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  15. Jens Timmermann (2006). Kantian Duties to the Self, Explained and Defended. Philosophy 81 (3):505-530.
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  16. Jens Timmermann (2006). Kant on Conscience, “Indirect” Duty, and Moral Error. International Philosophical Quarterly 46 (3):293-308.
    Kant’s concept of conscience has been largely neglected by scholars and contemporary moral philosophers alike, as has his concept of “indirect” duty. Admittedly, neither of them is foundational within his ethical theory, but a correct account of both in their own right and in combination can shed some new light on Kant’s moral philosophy as a whole. In this paper, I first examine a key passage in which Kant systematically discusses the role of conscience, then give a systematic account of (...)
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  17. Jens Timmermann (2006). Value Without Regress: Kant's 'Formula of Humanity' Revisited. European Journal of Philosophy 14 (1):69–93.
  18. Jens Timmermann (2005). Good but Not Required?—Assessing the Demands of Kantian Ethics. Journal of Moral Philosophy 2 (1):9-27.
    There seems to be a strong sentiment in pre-philosophical moral thought that actions can be morally valuable without at the same time being morally required. Yet Kant, who takes great pride in developing an ethical system .rmly grounded in common moral thought, makes no provision for any such extraordinary acts of virtue. Rather, he supports a classi.cation of actions as either obligatory, permissible or prohibited, which in the eyes of his critics makes it totally inadequate to the facts of morality. (...)
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  19. Jens Timmermann (2005). Kants „Streit “und die Universität von morgen. In Volker Gerhardt (ed.), Kant Im Streit der Fakultäten. De Gruyter. 61.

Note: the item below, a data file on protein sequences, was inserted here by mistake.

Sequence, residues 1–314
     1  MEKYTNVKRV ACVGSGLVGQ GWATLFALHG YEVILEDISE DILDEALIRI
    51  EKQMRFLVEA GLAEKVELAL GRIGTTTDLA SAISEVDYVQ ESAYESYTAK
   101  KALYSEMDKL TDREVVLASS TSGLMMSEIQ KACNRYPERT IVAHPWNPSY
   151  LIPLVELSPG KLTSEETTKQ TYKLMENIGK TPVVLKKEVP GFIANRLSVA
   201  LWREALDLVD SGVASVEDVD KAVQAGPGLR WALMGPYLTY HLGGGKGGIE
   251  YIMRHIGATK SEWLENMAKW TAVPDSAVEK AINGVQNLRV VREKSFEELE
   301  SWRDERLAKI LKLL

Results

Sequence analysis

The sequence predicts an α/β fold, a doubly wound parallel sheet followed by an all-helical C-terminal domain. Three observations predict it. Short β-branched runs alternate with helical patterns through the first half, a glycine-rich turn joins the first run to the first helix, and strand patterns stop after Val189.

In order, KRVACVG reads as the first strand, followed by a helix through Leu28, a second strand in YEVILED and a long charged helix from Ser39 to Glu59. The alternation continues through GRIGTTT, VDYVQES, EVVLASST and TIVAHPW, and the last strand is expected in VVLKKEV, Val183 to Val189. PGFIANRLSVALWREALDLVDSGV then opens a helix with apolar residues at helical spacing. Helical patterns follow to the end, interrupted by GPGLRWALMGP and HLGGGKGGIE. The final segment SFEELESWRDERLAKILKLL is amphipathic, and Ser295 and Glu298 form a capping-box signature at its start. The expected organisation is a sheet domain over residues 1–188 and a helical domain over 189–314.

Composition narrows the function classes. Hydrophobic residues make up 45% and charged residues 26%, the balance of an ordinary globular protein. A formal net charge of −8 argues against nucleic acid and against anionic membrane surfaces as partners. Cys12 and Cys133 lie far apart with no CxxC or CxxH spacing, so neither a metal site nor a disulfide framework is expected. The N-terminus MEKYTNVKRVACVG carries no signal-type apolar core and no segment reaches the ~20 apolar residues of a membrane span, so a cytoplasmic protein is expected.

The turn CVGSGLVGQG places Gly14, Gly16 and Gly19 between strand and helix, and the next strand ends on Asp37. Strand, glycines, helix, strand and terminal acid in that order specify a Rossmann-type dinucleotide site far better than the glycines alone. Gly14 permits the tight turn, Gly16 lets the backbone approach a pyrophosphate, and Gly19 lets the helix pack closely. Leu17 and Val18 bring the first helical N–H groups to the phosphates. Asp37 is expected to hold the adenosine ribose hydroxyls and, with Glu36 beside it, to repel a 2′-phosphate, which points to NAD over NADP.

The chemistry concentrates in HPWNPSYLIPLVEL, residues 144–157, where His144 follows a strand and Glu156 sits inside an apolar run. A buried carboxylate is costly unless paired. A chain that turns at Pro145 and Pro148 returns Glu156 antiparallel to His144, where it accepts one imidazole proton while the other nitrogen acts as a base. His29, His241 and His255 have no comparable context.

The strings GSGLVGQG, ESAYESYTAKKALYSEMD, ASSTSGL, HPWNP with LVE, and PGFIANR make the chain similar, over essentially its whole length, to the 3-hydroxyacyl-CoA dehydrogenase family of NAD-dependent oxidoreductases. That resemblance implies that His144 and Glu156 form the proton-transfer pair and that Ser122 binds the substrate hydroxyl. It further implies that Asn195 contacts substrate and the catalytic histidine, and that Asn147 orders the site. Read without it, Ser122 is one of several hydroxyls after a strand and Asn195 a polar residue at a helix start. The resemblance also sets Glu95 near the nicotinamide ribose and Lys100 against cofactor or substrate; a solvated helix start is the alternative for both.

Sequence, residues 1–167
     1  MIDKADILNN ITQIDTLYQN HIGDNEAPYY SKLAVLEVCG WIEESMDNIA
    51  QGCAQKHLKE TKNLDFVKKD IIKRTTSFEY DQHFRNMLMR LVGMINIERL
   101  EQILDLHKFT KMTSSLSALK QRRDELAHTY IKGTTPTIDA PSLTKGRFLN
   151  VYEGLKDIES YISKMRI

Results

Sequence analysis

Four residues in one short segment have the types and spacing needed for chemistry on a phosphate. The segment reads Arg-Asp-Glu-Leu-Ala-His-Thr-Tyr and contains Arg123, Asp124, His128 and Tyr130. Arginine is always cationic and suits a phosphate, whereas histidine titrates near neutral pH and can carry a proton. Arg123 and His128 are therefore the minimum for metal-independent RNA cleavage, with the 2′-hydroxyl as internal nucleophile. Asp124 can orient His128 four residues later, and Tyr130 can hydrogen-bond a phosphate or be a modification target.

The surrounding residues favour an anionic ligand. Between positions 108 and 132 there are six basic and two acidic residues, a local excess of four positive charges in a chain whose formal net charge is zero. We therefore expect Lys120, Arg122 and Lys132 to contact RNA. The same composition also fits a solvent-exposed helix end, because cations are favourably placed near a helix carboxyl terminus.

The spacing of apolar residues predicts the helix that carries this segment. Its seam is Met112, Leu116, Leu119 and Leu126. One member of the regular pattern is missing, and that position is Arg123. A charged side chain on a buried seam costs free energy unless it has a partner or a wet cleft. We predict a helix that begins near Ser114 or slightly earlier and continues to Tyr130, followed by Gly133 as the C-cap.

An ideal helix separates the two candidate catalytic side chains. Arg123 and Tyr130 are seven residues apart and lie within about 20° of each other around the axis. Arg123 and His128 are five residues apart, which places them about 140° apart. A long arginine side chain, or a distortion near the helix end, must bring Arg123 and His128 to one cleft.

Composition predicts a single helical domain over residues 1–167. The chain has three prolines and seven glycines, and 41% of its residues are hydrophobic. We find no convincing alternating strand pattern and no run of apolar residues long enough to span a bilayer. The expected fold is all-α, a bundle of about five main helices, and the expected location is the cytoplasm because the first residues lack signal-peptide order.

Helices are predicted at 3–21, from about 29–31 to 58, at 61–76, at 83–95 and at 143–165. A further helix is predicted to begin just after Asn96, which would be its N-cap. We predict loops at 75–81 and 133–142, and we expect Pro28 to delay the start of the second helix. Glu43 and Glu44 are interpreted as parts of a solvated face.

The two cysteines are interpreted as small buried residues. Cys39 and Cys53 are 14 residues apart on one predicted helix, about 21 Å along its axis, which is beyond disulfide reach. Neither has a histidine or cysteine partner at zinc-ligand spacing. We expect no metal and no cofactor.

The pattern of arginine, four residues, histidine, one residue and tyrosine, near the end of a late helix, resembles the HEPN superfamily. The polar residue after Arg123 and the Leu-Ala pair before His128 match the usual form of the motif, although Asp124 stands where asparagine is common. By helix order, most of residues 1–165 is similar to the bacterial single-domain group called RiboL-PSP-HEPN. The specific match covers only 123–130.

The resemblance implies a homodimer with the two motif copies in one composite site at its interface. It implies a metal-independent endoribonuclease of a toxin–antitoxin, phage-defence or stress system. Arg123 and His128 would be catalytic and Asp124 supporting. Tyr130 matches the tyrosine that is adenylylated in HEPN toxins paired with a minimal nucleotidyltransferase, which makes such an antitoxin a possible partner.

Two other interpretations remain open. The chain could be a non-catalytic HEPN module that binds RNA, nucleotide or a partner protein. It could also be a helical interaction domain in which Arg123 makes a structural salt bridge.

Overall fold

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  20. Jens Timmermann (2005). Too Much of a Good Thing? Another Paradox of Hedonism. Analysis 65 (286):144–146.
  21. Jens Timmermann (2005). Why Kant Could Not Have Been a Utilitarian. Utilitas 17 (3):243-264.
    In 1993, Richard Hare argued that, contrary to received opinion, Kant could have been a utilitarian. In this article, I argue that Hare was wrong. Kant's theory would not have been utilitarian or consequentialist even if his practical recommendations coincided with utilitarian commands: Kant's theory of value is essentially anti-utilitarian; there is no place for rational contradiction as the source of moral imperatives in utilitarianism; Kant would reject the move to separate levels of moral thinking: first-order moral judgement makes use (...)
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  22. Jens Timmermann (2005). When the Tail Wags the Dog: Animal Welfare and Indirect Duty in Kantian Ethics. Kantian Review 10 (1):128-149.
  23. Jens Timmermann (2004). The Individualist Lottery: How People Count, but Not Their Numbers. Analysis 64 (2):106–112.
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  24. Jens Timmermann (2003). Depositum I: Zu Konrad Cramers Diskussion der logischen Struktur eines Kantischen Beispiels für moralisches Argumentieren. Zeitschrift für Philosophische Forschung 57 (4):589 - 600.
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  25. Jens Timmermann (2003). Sollen und Können.“Du kannst, denn du sollst” und “Sollen impliziert Können” im Vergleich. Logical Analysis and History of Philosophy 6:113-122.
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  26. Jens Timmermann (2000). Impulsivität und Schwäche. Die Argumentation des Abschnitts Eth. Nic. 1146b 31-1147b 19 im Licht der beiden Formen des Phänomens "Akrasia". [REVIEW] Zeitschrift für Philosophische Forschung 54 (1):47 - 66.
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  27. Jens Timmermann (2000). Kant's Puzzling Ethics of Maxims. The Harvard Review of Philosophy 8 (1):39-52.
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  28. Jens Timmermann (2000). Warum scheint transzendentale Freiheit absurd? Eine Notiz zum Beweis für die Antithesis der 3. Antinomie. Kant-Studien 91 (1):8-16.
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  29. Jens Timmermann (1995). Why We Cannot Want Our Friends to Be Gods. Some Notes On_ NE _1159a5‐12.. Phronesis 40 (2):209-215.
  30. Jens Timmermann (1995). Why We Cannot Want Our Friends to Be Gods. Some Notes on NE 1159a5‐12. Phronesis 40 (2):209-215.